The Four Thirds system is an innovative, open standard for digital SLR cameras that is designed to optimize their size, performance, compatibility and extendibility. Standardization of lens mounts enables photographers to mix and match interchangeable lenses and camera bodies from different makers.
Because lenses traditionally optimized for film cameras don't always perform well with the digital camera's image sensor (the device that captures light in the form of electrical signals) the Four Thirds system – introduced by Olympus and Kodak – was the first digital-dedicated design.
Four Thirds lenses are highly computerized and tailored to the requirements of digital cameras. Small size sensors mean that lenses and camera bodies can also be lighter in weight and extremely compact. Zoom lenses, in particular, pack impressive specifications into petite size.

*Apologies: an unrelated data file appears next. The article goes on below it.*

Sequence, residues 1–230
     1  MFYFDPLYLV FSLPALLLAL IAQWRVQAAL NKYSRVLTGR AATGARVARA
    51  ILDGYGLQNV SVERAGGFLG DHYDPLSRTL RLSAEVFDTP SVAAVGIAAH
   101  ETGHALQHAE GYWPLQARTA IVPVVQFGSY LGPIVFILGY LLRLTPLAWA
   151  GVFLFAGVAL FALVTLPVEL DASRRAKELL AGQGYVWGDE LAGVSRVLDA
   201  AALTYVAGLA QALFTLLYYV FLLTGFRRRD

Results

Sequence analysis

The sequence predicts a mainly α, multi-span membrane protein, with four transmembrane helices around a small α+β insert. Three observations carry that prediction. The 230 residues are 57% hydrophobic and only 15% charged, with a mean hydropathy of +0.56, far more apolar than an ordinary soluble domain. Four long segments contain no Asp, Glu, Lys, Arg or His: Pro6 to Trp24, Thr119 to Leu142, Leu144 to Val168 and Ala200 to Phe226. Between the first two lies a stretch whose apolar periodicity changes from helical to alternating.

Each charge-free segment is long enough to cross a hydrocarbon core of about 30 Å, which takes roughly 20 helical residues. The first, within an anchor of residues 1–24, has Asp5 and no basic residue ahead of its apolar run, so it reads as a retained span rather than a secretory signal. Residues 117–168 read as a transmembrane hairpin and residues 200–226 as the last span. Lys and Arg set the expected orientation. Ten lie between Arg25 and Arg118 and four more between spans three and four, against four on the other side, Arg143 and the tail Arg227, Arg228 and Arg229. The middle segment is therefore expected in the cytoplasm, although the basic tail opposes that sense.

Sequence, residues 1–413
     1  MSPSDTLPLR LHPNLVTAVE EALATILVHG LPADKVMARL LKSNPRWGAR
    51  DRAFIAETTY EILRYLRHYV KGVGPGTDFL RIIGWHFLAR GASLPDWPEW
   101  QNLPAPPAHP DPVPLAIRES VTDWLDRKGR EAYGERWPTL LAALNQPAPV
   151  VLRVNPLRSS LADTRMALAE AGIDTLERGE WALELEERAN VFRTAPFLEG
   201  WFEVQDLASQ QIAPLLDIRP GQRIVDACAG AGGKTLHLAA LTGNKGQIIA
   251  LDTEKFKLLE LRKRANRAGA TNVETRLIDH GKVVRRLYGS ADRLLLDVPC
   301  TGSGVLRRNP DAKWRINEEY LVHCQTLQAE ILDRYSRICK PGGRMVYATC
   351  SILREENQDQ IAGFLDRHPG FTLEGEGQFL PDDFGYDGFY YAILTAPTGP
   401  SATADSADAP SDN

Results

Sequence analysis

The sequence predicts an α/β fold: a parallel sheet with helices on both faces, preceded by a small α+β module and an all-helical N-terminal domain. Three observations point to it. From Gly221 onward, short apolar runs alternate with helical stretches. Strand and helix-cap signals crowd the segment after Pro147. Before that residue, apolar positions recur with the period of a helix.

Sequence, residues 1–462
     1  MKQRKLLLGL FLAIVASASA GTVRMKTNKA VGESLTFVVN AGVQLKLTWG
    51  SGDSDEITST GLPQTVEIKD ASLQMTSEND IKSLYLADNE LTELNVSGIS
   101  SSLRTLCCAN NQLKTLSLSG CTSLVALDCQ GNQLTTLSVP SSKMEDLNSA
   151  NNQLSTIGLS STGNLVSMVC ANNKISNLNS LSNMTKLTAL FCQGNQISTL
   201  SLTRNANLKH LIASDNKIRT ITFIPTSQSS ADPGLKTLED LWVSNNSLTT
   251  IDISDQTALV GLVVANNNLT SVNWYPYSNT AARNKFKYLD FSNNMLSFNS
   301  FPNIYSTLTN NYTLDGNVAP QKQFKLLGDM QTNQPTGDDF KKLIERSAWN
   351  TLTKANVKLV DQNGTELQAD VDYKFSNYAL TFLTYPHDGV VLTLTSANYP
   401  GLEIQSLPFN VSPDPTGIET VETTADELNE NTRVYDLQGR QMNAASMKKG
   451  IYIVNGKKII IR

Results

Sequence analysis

The latest development, Micro Four Thirds, devised by Olympus and Panasonic for mirrorless interchangeable lens digital cameras, reduces size even further, without loss of usability, versatility or picture quality.
In this authoritative guide, professional photographer David Taylor gives in-depth, jargon-free information on the pros and cons of this pioneering system, including:
- the logic behind the Four Thirds system, its sensor size and aspect ratio
- reviews of popular Four Thirds and Micro Four Thirds cameras
- advice on choosing Four Thirds lenses and accessories
- guidance on exposure, depth of field, and flash
- practical tips on lighting, macro, and camera care
- connection to external devices such as computers and printers